Thursday, August 13, 2015

Do video right

Few things have changed the playing field in working with the media more than the advent of high-resolution digital video easily at hand. Every cell phone, SLR camera or tablet seems to be equipped with the ability to take insanely clear video which can then be shared by social media or sent to reporters if they are unable to get to the event or can't get close enough to get the shot. 

Most cell phones can take good looking videos
So, if you are going to do video, you are going to have to learn some of the basics to make that video look as good as possible. Here are the top three tips I have heard time and again to get the best from your videos.

Avoid vertical videos. You walk up to a scene, break out your smartphone or tablet and, holding it one handed, you start taking video. You really want that shot. Unfortunately, you are holding the phone vertically, as if you are about to talk into the mouthpiece. 

This is bad. It's not how video is broadcast, so TV stations have to play with the video you send them to make it look OK for their screens. Typically, you will have some kind of large black bars on either side of the video, making it look very distracting. 

If you won't take my word for it, how about Mario and Fafa from Glove and Boots?  They have a great explanation in their outstanding Vertical Video Syndrome YouTube classic. 

Get it stable.  Sure, being in the middle of the action can be filled with pulse-pounding excitement. But, if you want someone to use your video, you are going to have to make sure that you do a few things to ensure it's watchable.

A few rubber bands and a camera tripod could work in a pinch
Try to shoot with your camera on a tripod or use some other device or prop (the hood or roof of a car, perhaps?) to stabilize your shot. If none are available, stand with your feet about shoulder-width apart and tuck your arms in close to your body to create as stable of a platform as possible. Watching shaky video can make people feel sick. So sick, in fact, that theaters screening the movie Cloverfield had to warn patrons that they might experience motion sickness due to the shaky hand-held filming technique.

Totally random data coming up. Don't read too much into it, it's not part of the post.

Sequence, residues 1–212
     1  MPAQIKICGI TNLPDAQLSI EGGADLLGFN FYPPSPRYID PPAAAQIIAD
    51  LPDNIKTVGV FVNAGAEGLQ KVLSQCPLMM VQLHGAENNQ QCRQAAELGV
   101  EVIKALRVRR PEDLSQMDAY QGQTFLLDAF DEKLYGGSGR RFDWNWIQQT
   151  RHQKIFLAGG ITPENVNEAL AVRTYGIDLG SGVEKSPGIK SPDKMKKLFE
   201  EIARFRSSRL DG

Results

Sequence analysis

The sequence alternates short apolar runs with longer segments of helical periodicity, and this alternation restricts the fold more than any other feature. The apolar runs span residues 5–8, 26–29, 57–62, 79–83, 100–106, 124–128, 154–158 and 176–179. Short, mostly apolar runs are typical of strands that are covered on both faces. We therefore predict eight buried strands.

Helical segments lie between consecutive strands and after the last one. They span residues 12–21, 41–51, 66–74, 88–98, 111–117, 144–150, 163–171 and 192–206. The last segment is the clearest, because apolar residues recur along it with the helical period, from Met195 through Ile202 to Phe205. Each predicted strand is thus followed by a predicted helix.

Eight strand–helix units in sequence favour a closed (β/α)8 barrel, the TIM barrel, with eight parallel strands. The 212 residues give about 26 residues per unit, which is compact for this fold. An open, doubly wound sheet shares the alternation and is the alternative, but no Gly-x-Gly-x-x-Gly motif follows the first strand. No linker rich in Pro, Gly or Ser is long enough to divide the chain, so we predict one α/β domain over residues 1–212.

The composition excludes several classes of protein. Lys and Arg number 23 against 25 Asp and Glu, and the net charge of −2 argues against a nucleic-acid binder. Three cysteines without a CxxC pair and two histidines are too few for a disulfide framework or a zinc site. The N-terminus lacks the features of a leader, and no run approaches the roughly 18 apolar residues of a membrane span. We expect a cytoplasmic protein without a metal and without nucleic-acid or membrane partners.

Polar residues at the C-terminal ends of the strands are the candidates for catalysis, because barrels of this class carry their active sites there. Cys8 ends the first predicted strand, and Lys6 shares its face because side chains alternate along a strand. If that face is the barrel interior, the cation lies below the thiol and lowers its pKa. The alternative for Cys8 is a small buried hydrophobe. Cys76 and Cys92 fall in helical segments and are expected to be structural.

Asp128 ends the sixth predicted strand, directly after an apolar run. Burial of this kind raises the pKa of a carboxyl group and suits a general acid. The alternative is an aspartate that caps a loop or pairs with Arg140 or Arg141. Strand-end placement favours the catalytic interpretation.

A warning for the 'queasycam' feeling moviegoers might expect
Also, be sure to spend enough time on your subject to give viewers a good idea of what they are looking at. A rule of thumb is to focus on your subject and count - silently - to ten to ensure you have the shot. 

Get it out as fast as possible. Remember the importance of timeliness when it comes to news? The same rule applies when it comes to video you will release. The beauty of shooting video on a wi-fi enabled device or cell phone is that it can be shot, edited and uploaded all from the field. And, with a free Dropbox, Google Drive or YouTube account, that video can be up and out to the media or on your agency's webpage in mere minutes. 

How easy is it to do? Using my iPad last spring, I conducted an experiment at one of our county parks. In less than an hour, I shot, edited and uploaded this video - from my car. 

Again, this was just messing around to see if it was possible. With some practice, this would become considerably easier. 

Of course, there are many other important rules and recommendations to follow that will make your video that much better. Who approves what you shoot? Can you attach a supplemental microphone to your device to improve audio quality? These are obviously the considerations you will want to keep in mind as you move ahead into the wonderful world of shooting video to help get your message out to the public. 

Tom Iovino, Public Relations Strategist
Hillsborough County, Florida

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